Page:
“The hell I will—”

     “Raqi, shut up. I’m calling about something else.”

     Billy only called to have me bail out one of his Lawless. I couldn’t do it anymore. People were beginning to label me as that lawyer with those criminals. I didn’t put in so many years of hard work to be associated with the drug-dealing motorcycle club I had tried so hard to escape. The one thing I’d kept from my time with them was my foul mouth—but that fit right in with the cutthroat world of Los Angeles law. That and my tattoo . . . But I had plans to get rid of it soon.

     There was only one other reason Billy might call.

     “I won’t do shit for Dodge either,” I said.

     “You won’t have to.”


     “He’s dead.”

     I had expected this call, in fact, years ago. Heroin, meth, coke—name it, he did it all.

     “Drugs?” I asked.

     “Heart attack.”

     Surprising . . . though drugs could cause heart attacks, too.

     “So, you’re calling me because . . . ?”

     “We ride out on Friday. Meet me and the club at Dodge’s that morning.”

     “You’re a dumb son of a bitch if you think—”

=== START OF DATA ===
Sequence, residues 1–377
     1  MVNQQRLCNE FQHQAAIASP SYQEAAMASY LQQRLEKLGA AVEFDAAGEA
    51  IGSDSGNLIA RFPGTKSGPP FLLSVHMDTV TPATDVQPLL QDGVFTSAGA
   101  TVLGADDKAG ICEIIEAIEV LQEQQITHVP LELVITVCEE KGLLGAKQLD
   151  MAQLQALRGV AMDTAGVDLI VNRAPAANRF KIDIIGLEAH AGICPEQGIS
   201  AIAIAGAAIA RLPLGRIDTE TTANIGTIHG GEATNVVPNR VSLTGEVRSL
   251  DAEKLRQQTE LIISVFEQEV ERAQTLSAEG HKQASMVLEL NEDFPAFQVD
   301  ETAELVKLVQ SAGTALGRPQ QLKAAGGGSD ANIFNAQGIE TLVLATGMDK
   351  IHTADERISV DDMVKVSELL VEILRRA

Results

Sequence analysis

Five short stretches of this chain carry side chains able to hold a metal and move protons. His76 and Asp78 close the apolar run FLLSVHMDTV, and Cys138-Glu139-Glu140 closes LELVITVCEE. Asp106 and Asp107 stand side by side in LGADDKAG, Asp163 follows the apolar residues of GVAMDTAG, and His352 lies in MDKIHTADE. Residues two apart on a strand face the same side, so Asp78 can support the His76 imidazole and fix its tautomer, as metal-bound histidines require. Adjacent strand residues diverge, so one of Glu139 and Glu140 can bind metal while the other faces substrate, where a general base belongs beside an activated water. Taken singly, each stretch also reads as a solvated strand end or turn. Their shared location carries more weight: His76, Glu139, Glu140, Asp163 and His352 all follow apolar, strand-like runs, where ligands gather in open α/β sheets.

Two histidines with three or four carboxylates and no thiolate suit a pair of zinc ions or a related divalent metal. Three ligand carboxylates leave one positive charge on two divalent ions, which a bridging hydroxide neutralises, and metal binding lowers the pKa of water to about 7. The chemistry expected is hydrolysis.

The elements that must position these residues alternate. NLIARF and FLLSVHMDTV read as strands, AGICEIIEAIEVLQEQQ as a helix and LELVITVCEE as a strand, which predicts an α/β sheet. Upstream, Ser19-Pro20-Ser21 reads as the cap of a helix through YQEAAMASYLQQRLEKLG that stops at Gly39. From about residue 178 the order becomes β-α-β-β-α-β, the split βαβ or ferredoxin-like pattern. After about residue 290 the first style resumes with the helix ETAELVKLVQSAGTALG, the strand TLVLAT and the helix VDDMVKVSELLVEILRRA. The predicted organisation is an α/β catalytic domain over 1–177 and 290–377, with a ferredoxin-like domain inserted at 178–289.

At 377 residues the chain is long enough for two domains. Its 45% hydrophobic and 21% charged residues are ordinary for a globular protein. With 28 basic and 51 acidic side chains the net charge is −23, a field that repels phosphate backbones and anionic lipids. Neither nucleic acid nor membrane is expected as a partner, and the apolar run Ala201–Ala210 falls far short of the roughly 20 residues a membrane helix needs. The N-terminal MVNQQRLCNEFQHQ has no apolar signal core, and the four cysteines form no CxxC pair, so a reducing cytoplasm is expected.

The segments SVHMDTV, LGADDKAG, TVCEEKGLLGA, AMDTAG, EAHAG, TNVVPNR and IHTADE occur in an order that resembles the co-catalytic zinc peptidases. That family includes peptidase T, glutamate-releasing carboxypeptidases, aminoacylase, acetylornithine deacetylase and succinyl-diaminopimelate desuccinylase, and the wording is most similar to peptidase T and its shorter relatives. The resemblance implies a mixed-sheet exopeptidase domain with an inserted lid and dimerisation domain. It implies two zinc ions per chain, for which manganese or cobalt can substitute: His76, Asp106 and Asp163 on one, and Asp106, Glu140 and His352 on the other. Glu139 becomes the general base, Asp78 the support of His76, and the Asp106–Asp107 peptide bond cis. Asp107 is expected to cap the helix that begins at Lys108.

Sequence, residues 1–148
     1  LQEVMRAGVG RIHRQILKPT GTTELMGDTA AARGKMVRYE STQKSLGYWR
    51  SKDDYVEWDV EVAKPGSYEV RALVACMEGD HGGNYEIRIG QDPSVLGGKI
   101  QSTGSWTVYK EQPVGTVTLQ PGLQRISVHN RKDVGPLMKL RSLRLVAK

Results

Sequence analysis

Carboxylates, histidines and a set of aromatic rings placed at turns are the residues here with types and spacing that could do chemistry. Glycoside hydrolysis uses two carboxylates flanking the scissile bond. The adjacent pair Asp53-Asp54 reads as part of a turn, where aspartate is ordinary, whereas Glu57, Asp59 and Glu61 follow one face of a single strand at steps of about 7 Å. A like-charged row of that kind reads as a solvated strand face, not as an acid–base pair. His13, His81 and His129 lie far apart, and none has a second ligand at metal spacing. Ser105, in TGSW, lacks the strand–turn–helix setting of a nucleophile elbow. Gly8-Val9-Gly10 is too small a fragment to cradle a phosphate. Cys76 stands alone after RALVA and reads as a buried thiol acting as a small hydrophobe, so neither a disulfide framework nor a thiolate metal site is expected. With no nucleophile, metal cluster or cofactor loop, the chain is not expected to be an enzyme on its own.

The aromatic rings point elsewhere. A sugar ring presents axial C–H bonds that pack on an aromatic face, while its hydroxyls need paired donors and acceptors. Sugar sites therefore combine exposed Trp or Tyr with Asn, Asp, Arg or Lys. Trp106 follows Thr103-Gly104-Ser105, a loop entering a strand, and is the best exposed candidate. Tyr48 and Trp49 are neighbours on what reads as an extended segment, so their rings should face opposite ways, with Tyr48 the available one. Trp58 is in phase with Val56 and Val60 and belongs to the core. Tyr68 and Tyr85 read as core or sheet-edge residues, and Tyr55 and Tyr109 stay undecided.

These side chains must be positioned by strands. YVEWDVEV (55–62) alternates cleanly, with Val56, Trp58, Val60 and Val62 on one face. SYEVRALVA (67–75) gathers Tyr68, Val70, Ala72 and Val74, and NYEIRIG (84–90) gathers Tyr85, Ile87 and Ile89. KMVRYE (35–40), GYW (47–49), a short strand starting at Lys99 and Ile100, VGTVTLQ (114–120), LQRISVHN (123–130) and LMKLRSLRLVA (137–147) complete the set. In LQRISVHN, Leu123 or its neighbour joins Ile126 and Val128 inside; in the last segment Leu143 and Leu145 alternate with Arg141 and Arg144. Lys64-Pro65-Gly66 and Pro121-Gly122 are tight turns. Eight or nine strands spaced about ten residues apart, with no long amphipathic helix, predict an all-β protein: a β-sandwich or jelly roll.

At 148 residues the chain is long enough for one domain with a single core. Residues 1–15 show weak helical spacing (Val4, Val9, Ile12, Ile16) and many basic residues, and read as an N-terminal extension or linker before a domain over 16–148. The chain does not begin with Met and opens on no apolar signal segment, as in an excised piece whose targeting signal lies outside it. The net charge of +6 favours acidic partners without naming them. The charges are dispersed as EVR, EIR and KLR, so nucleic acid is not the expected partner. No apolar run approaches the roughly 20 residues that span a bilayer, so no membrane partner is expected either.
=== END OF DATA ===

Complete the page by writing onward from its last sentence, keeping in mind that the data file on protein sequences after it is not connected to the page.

“Goddamn it, Raqi!” Billy yelled. I pulled the phone away, my ear ringing with the volume of his voice. A crash echoed in the background. He’d probably kicked a chair.

     “Be there at nine in the morning, or goddamn it, I’ll drive up to that gated community of rich slickers, kick your little Black boy’s ass, and drag you on this ride. Do you hear me?”

     I squeezed the plastic phone, itching to slam it against the bed frame. “Racist asshole,” I muttered.

    Trevor sat up in bed and mouthed, “What’s going on?” I was sure he’d heard Billy. My stomach clenched in embarrassment.

     I gave my head a hard shake. He tried to touch my arm, but I jerked away. Trevor knew better than to try it again, so he crossed his sinewy arms and laid back on the bed. If he interrogated me after, he’d lose. He wasn’t half as ruthless of a lawyer as I was.

     “You can’t bully me into coming,” I told Billy through gritted teeth.

     “No, but I’ll give you something you want if you do.”

     What did he have? My mind raced, and I stopped breathing. Billy waited, drawing out the silence like a long, stringy piece of cheese that stretched between a bite of pizza and its slice.

     Finally, he said, “Go on this ride and I’ll give you an address.”

     What was Billy talking about? “Whose address?”

     “Your grandfather’s.”

     Another punch. “Which—?”

     “Your dad’s.”

     My hand gripped the receiver so tightly I could hear the strain of the plastic trying to stay together. My grandfather. My Mexican grandfather. I had no idea he was alive. I thought Dodge was the only family I had left after my parents died in a car crash. I’d always believed that if there was anyone else, anyone, I would have been sent to them and not Dodge. How did Billy get this information?

     “Well?” Billy asked.